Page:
“The days of our lives are seventy years; and if by reason of strength they are eighty years.”
When we are young we think we will live forever; death, even aging, is for other people. As we age, we still cannot imagine a world of which we are not a part. Yet, the Psalmist is making clear, we have been designed by God with a shelf life. In other words, one day we will expire. The bodies that we live in will no longer be able to sustain life, and we will move on to an eternal habitation. James put it like this, “For what is your life? It is even a vapor that appears for a little time and then vanishes away ” (James 4:14). The word ‘vapor’ is defined as, “diffused matter floating in the air impairing its transparency.” In other words, a vapor is only slightly more than nothing. It speaks of the fact that life on earth is transitory, not permanent. This does not mean that life is meaningless.
God actually places the highest value upon human life. We know He formed us in the womb as the highest expression of His creation. We are told we are made in the image of God, and after the fall we were redeemed by the blood of God. That being said, it is possible to live a meaningless life. The Bible speaks, on more than one occasion, of “worthless men.” Calling them worthless does not mean that God did not value them highly, but rather, they were wasting life, instead of living it. When they timed out and their lives came to an end, they had nothing eternal to show for it. When James refers to life as a vapor, he is reminding us that life is temporary.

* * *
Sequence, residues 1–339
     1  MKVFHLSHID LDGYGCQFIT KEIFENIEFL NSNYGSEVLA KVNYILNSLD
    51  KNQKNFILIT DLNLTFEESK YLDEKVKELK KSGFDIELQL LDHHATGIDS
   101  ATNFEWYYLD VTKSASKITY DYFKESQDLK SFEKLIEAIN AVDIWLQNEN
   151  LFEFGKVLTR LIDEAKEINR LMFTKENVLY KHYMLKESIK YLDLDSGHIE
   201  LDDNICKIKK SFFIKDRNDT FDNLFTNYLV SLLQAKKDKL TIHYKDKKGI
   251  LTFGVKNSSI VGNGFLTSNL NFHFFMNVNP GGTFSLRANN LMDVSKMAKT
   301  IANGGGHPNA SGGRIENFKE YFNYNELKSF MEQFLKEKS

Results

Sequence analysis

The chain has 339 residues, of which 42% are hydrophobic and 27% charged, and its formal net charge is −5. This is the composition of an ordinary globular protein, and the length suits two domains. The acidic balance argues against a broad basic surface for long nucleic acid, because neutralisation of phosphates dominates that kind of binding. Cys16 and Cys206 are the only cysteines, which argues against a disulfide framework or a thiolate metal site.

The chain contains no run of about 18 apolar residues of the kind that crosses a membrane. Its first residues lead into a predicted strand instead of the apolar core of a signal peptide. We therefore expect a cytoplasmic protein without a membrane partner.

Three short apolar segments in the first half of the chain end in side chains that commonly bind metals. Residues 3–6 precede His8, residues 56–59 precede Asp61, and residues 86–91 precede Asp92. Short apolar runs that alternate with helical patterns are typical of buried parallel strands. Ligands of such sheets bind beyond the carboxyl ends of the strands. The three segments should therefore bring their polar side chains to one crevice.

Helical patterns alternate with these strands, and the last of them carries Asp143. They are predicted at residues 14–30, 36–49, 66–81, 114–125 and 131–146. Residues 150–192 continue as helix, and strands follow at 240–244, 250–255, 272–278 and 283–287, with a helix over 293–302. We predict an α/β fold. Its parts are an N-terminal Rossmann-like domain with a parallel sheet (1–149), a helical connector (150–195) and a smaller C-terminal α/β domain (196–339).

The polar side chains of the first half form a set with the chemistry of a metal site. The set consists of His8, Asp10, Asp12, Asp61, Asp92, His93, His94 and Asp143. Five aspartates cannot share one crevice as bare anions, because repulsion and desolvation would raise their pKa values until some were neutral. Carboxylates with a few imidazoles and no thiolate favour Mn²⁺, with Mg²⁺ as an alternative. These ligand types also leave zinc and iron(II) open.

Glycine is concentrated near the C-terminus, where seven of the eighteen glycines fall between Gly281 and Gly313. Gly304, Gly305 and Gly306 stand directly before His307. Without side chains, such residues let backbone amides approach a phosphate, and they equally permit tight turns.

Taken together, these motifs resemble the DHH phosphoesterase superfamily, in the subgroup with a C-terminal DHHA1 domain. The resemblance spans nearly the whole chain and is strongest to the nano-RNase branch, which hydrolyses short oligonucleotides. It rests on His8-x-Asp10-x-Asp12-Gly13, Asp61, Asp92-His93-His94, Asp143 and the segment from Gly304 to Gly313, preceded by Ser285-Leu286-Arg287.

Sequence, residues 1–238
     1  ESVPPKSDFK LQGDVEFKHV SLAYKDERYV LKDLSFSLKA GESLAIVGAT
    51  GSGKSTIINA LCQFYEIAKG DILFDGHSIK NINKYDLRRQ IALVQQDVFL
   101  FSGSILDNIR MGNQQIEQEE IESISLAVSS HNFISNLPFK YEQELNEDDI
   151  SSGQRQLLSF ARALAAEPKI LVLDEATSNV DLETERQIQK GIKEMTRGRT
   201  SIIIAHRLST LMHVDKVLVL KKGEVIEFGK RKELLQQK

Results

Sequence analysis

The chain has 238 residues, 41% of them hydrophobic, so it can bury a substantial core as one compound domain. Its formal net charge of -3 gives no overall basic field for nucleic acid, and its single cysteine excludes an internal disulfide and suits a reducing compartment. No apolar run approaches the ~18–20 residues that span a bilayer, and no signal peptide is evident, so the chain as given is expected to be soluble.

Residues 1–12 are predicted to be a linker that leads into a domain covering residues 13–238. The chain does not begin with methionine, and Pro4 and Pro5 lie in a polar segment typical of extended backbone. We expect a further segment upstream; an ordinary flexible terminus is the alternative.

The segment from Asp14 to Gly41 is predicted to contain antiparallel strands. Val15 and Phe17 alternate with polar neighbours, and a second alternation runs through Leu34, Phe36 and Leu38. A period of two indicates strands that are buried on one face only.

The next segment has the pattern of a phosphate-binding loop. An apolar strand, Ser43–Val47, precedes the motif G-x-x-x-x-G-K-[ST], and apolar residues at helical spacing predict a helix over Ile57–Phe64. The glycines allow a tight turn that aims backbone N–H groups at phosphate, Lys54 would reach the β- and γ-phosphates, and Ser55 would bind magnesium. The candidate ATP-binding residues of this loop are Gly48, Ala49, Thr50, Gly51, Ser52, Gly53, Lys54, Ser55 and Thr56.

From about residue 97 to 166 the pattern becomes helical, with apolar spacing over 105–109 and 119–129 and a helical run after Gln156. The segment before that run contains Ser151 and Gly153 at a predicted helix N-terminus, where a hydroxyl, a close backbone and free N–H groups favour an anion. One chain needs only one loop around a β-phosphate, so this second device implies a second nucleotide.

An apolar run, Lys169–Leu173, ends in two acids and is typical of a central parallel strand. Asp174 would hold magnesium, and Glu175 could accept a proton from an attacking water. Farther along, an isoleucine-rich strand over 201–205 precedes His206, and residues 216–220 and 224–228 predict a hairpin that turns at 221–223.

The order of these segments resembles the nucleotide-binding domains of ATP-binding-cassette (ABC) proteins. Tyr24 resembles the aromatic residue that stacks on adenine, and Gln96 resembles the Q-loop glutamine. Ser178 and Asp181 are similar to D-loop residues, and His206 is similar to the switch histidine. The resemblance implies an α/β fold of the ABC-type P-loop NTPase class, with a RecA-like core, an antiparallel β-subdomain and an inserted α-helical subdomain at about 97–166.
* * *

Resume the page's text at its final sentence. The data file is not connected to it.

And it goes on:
No matter what your diet or exercise program consists of, death is certain. It has been proven that the death rate among human beings is 100%. One hundred years from now none of us will be alive. Now I am not saying this to depress you, but to prepare you. You see, while life is temporary it is also preparatory. What we do now prepares us for where and how we will spend eternity. We might benefit from thinking of life as the preliminary round. When asked the meaning of life, Rick Warren put it like this, “In a nutshell, life is preparation for eternity. We were made to last forever and God wants us to be in heaven with Him. We may spend 60-100 years here but we will spend trillions in heaven. This is the warm up act”
We are prepared for death when we have received Christ and are surrendered to, and serving Him. As a result, the Psalmist encourages us, “So teach us to number our days, that we may gain a heart of wisdom (Psalm 90:12).” Since we have limited time, seventy or perhaps eighty years, we are encouraged to number them. We need to understand, there is a limited number and we must spend them wisely.
Let’s do it. * 70 x 365 = 25,550 * , now multiply your age x 365 *, subtract that number from 25, 550 * I have 8,760 days left * I am 65% done. Another way of looking at it is, if my life were a book, I am two-thirds done. The plot has been set, the main characters developed, and the final act is being set up. The question we must ask ourselves is, “What are we writing on today’s page? What, from today, will last for eternity?” If we have prepared for eternity by receiving Christ, we further prepare by living each day in light of eternity.
“Do not boast about tomorrow, for you do not know what a day may bring forth.” Proverbs 27:1
Questions for Psalm 90
- What do you think it means that the Lord is our dwelling place?
- In verse 4-12, the Psalmist compares the eternal nature of God with the temporal nature of man. Knowing that in light of eternity, life is very short. What changes do you need to make in the way you are living?
- The response of the Psalmist is important. What do you notice from his prayer in:
- Verse 14
- Verse 17